DOCK4 promotes loss of proliferation in glioblastoma progenitor cells through nuclear beta-catenin accumulation and subsequent miR-302-367 cluster expression


  • Debruyne D
  • Turchi T
  • Burel-Vandenbos H
  • Fareh N
  • Almairac H
  • Virolle V.
  • Figarella-Branger D
  • Baeza-Kallee N
  • Lagadec P.
  • Kubiniek T
  • Paquis H
  • Fontaine H.
  • Junier T
  • Chneiweiss T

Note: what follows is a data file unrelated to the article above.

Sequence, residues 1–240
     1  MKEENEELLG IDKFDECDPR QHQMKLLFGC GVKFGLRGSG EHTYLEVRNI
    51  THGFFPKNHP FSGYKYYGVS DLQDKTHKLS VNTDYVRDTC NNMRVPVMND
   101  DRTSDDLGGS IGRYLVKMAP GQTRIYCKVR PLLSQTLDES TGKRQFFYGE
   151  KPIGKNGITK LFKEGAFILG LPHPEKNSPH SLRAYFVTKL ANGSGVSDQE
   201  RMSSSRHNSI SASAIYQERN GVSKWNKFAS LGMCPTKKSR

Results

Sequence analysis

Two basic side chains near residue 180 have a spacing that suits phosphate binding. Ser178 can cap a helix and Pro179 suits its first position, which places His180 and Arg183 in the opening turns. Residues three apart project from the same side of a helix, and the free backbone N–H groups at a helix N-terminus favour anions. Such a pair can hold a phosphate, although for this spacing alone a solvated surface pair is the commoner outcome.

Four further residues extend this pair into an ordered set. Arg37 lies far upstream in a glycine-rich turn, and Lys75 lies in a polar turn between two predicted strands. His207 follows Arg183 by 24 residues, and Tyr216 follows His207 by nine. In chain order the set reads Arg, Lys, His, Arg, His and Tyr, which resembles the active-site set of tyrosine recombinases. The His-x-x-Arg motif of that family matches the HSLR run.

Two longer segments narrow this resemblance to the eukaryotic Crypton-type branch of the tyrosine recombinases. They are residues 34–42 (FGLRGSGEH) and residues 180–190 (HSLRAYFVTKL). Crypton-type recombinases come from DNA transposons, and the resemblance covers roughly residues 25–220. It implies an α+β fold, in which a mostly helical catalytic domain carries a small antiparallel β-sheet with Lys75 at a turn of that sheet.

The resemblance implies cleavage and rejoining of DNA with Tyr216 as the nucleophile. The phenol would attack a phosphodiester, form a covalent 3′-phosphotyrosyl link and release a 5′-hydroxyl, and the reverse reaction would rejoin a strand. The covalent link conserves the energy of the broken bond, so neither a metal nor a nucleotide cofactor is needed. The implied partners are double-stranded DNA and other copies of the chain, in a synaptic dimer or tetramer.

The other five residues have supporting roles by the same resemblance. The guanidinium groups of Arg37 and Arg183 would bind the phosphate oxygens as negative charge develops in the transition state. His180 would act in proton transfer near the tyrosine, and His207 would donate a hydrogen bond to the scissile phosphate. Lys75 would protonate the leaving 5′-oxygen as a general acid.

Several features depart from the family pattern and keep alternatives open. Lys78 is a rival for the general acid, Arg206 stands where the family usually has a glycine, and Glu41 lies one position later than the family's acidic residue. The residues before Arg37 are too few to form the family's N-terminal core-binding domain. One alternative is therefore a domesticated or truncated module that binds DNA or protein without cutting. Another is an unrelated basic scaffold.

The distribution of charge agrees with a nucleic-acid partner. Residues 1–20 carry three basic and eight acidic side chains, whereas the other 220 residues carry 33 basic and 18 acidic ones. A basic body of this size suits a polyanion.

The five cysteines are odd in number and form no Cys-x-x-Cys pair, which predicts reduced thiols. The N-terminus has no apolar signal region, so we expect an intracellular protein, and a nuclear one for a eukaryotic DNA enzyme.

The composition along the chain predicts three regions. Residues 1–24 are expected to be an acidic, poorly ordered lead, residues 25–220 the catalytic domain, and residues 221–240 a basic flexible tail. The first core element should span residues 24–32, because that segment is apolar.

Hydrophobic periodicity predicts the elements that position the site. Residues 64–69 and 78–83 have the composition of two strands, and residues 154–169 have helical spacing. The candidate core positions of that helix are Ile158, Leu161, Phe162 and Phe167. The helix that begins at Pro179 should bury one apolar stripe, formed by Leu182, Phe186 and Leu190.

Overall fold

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Glioblastomas (GBM) are lethal primitive brain tumours characterized by a strong intra-tumour heterogeneity. We observed in GBM tissues the coexistence of functionally divergent micro-territories either enriched in more differentiated and non-mitotic cells or in mitotic undifferentiated OLIG2 positive cells while sharing similar genomic abnormalities. Understanding the formation of such functionally divergent micro-territories in glioblastomas (GBM) is essential to comprehend GBM biogenesis, plasticity and to develop therapies. Here we report an unexpected anti-proliferative role of beta-catenin in non-mitotic differentiated GBM cells. By cell type specific stimulation of miR-302, which directly represses cyclin D1 and stemness features, beta-catenin is capable to change its known proliferative function. Nuclear beta-catenin accumulation in non-mitotic cells is due to a feed forward mechanism between DOCK4 and beta-catenin, allowed by increased GSK3-beta activity. DOCK4 over expression suppresses selfrenewal and tumorigenicity of GBM stem-like cells. Accordingly in the frame of GBM median of survival, increased level of DOCK4 predicts improved patient survival.

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